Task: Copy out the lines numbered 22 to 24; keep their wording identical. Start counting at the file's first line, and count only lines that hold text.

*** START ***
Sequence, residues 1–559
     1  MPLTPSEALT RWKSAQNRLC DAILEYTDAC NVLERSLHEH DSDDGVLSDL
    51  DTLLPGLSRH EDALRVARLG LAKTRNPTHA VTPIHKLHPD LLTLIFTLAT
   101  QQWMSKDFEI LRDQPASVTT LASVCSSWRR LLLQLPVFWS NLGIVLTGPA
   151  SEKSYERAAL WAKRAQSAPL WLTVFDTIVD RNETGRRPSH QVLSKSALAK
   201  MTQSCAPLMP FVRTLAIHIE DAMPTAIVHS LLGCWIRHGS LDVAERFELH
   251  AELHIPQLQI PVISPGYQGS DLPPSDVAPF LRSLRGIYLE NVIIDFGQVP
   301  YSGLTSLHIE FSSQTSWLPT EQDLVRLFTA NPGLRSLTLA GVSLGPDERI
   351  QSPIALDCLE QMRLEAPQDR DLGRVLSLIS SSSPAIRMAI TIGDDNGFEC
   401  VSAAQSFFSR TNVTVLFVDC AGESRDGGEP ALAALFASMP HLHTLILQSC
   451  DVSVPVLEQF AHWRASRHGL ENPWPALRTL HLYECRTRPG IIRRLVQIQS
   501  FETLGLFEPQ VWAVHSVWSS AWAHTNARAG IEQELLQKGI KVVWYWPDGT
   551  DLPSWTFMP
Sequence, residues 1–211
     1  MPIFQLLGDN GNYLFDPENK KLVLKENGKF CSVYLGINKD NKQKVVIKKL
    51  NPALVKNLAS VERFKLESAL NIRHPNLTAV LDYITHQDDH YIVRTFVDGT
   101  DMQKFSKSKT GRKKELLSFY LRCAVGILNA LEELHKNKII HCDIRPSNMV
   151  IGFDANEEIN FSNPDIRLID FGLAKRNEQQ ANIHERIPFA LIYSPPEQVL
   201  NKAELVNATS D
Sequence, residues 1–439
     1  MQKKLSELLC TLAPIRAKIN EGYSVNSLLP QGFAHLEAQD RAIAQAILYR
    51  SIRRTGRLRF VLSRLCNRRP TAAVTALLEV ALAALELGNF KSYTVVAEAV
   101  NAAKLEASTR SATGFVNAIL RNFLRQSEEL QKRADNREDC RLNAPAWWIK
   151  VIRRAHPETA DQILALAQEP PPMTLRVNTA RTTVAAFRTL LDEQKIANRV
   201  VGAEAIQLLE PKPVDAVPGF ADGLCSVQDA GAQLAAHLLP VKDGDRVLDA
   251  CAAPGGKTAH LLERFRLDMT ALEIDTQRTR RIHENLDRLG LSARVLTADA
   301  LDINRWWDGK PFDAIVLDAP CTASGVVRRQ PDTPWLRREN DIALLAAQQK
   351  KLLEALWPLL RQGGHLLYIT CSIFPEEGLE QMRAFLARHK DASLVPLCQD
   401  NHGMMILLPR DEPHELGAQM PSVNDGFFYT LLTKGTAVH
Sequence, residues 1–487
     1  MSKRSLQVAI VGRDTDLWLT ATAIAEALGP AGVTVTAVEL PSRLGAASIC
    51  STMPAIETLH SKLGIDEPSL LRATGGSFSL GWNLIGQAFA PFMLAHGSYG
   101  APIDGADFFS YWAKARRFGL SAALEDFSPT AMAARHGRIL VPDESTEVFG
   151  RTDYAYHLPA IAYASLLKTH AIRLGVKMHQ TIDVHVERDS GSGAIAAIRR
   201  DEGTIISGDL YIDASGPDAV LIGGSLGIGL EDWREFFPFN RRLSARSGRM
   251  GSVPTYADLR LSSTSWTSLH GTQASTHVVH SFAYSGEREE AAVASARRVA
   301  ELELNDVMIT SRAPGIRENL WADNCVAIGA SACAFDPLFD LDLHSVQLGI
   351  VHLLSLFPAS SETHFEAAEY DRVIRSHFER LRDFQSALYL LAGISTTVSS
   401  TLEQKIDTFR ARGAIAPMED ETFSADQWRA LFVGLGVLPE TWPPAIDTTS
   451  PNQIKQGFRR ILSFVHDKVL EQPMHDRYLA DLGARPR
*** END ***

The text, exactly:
    51  SIRRTGRLRF VLSRLCNRRP TAAVTALLEV ALAALELGNF KSYTVVAEAV
   101  NAAKLEASTR SATGFVNAIL RNFLRQSEEL QKRADNREDC RLNAPAWWIK
   151  VIRRAHPETA DQILALAQEP PPMTLRVNTA RTTVAAFRTL LDEQKIANRV